​​​Mentoring Undergraduate Students

Dr. Crisp enjoys working with colleges and universities to develop, implement, and assess mentoring and related efforts designed to serve undergraduate college students. Below are a links to select mentoring workshops that she presents to faculty and staff who are involved with mentoring efforts.  

     Link to Prezi:   Mentoring Undergraduate Students

     Link to Prezi:   The "How To" of Mentoring Students


College Student Mentoring Scale (CSMS)
The College Student Mentoring Scale is a 25-item survey designed to measure students’ perceptions of mentoring support they receive during college. The survey specifically measures four types of interrelated constructs: (1) psychological and emotional support, (2) degree and career support, (3) academic subject knowledge support, and (4) the existence of a role model.


Select list of colleges and universities that are currently or have used the CSMS: 

University of New Castle
The University of Maryland
Pennsylvania State University
Oakland City University
University of Lahore
Vanderbilt University
The University of Ulm
Saint Joseph's University
Humboldt State University
Johns River State College
North Carolina State University
Florida Gulf Coast University
Shenandoah University
The University of Laval in Québec



1. Psychological and Emotional Support
Encompasses a sense of listening, providing moral and emotional support, identifying problems, and providing encouragement as well as the establishment of a supportive relationship in which there is mutual understanding and link between the student and the mentor. Items designed to measure psychological and emotional support:

When in college, I have had someone in my life who…

  • Recognizes my academic accomplishments
  • I can talk with openly about social issues related to being in college
  • Encourages me to use him or her as a sounding board to explore what I want
  • Gives me emotional support
  • I can talk with openly about personal issues related to being in college
  • Makes me feel that I belong in college
  • Expresses confidence in my ability to succeed academically
  • Encourages me to talk about problems I am having in my social life


2. Degree and Career Support
Includes an assessment of the student’s strength, weaknesses, abilities, and includes assistance with setting academic/career goals and decision-making. Items designed to measure degree and career support:

When in college, I have had someone in my life who…

  • Encourages me to consider educational opportunities beyond my current plans
  • Helps me realistically examine my degree or certificate options
  • Questions my assumptions by guiding me through a realistic appraisal of my skills
  • Helps me carefully examine my degree or certificate options
  • Discusses the implications of my degree choice
  • Helps me to consider the sacrifices associated with my chosen degree


3. Academic Subject Knowledge Support
Centered on the acquisition of necessary skills and knowledge; on educating, evaluating, and challenging the student academically; on employing tutoring skills and focusing on subject learning in contrast to mentoring that focuses on life learning; and on establishing a teaching-learning process. Items designed to measure academic subject knowledge support:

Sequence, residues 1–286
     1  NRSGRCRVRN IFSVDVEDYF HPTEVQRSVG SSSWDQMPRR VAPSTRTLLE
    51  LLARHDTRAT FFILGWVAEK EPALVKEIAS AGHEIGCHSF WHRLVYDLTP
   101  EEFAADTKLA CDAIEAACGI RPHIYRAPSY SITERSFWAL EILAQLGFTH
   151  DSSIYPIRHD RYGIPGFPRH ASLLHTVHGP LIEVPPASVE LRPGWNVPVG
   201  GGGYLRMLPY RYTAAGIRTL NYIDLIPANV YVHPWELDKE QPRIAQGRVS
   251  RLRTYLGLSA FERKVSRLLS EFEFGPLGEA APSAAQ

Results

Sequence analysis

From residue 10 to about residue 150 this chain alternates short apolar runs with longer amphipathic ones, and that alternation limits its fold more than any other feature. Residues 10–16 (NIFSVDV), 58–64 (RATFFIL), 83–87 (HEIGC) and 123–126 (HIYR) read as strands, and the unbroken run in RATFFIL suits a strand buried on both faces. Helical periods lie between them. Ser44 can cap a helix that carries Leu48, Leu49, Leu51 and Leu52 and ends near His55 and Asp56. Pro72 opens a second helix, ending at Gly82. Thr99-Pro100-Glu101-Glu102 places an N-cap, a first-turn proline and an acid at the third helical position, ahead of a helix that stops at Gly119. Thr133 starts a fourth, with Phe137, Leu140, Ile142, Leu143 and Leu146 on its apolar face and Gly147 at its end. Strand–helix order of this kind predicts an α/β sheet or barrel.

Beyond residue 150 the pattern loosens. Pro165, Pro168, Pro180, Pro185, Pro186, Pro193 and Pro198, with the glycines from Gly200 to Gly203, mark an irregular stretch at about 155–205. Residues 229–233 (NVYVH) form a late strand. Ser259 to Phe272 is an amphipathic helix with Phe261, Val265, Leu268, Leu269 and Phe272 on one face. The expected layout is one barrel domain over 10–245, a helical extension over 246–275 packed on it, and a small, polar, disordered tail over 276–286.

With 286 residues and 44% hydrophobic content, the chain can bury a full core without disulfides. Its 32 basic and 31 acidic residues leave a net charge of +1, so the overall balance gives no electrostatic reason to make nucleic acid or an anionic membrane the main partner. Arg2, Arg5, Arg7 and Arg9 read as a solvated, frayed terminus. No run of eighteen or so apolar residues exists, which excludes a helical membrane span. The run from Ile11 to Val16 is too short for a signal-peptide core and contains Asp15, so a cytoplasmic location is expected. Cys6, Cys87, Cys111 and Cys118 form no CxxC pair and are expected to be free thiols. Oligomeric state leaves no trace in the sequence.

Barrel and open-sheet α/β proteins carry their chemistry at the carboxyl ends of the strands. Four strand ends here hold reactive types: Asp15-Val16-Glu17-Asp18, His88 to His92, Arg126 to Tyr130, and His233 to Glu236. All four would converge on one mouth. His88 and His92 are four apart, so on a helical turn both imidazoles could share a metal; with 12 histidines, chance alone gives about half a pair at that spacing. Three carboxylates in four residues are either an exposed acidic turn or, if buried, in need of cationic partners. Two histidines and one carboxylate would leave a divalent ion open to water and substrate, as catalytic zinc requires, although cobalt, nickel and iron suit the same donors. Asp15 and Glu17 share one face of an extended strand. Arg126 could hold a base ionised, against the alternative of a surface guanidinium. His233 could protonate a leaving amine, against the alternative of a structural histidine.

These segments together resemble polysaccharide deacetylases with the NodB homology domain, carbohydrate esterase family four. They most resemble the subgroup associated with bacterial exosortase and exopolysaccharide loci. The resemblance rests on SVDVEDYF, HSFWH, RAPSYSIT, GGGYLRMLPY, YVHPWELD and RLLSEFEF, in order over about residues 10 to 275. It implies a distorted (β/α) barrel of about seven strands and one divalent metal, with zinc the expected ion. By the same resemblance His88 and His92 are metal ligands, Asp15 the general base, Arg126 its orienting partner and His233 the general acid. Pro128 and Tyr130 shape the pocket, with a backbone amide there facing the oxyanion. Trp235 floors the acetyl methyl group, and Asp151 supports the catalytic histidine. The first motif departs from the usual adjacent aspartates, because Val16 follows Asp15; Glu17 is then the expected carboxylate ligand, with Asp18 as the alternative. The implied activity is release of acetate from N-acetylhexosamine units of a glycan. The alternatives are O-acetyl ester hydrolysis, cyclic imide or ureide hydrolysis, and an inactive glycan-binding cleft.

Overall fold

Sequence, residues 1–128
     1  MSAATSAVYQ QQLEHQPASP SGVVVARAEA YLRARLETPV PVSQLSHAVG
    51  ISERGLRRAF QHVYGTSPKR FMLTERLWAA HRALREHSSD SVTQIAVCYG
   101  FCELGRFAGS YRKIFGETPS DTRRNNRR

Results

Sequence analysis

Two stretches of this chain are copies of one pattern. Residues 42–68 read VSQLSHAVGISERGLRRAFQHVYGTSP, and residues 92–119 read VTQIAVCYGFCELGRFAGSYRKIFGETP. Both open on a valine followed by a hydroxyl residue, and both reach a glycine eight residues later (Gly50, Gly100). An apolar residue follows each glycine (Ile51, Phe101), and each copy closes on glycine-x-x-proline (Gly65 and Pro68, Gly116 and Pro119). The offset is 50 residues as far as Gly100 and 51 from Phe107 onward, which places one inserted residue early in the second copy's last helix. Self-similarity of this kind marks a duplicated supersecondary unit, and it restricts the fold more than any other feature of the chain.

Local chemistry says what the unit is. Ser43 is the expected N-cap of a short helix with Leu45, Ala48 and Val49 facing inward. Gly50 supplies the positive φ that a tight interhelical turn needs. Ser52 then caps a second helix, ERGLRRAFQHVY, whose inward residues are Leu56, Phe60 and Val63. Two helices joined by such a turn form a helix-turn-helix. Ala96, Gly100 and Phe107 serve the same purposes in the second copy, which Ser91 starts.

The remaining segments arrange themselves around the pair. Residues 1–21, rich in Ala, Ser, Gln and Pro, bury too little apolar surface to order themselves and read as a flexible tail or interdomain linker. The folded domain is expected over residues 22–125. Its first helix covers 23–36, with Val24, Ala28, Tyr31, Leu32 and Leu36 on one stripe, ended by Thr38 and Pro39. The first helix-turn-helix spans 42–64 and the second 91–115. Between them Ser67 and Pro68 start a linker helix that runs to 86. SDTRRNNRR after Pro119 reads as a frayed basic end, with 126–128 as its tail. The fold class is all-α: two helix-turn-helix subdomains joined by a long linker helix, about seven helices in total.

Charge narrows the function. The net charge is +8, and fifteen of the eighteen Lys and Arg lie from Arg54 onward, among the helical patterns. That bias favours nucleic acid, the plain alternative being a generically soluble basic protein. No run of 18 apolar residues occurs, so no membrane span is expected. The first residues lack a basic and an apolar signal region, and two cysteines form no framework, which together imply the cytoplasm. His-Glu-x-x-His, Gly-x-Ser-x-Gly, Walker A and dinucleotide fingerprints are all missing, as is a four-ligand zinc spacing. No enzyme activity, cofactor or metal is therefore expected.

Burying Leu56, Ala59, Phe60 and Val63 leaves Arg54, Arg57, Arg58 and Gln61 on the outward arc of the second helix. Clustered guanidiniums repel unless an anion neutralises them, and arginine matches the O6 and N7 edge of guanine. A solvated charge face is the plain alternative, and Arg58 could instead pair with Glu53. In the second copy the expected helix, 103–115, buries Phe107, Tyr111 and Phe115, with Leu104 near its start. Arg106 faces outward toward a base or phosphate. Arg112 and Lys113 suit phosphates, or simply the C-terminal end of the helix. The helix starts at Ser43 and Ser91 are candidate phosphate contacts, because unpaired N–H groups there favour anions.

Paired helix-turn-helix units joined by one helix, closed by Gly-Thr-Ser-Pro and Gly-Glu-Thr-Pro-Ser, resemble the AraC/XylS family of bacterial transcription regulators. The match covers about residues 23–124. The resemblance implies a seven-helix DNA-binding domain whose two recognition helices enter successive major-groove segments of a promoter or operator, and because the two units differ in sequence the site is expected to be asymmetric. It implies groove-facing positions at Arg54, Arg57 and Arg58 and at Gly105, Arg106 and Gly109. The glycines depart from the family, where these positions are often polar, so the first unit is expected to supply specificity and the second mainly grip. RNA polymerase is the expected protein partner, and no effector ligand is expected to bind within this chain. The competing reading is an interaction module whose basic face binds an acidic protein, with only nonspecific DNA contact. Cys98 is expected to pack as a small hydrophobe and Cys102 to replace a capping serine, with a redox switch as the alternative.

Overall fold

When in college, I have had someone in my life who…

  • Provides ongoing support about the work I do in my classes
  • Helps me perform to the best of my abilities in my classes
  • Helps me work toward achieving my academic aspirations
  • Provides practical suggestions for improving my academic performance
  • Encourages me to discuss problems I am having with my coursework


4. Existence of a Role Model
Concentrated on the presence of a role model in the student’s life as well as the opportunity for the student to learn from the mentor’s current and past actions, as well as achievements and failures. Items designed to measure the presence of a role model:

When in college, I have had someone in my life who…

  • Shares personal examples of difficulties he or she has had to overcome to accomplish academic goals
  • Serves as a model for how to be successful in college
  • Sets a good example about how to relate to other people
  • I want to copy their behaviors as they relate to college-going
  • I look up to regarding college-related issues
  • I admire



How can institutions, mentoring programs, and researchers use the CSMS?

The CSMS can be used in a variety of ways.  Institutions can use the scale to assess the need for a mentoring program on their campus. The subscales can be used to identify the forms of support that students need from the institution. Survey data can be disaggregated by student sub-group (e.g., at-risk populations, students enrolled in developmental courses) to design interventions that offer targeted forms of support.

Existing mentoring programs can use the scale to measure the effectiveness of programming efforts. Program staff can merge survey data with student records in order to assess the relationship between mentoring programs and academic outcomes (e.g., persistence, graduation).

The CSMS can be a useful tool for researchers to use in conducting quantitative studies related to mentoring, faculty support, and student success.    



​​To request permission to use the CSMS, please complete the form below.   


Gloria Crisp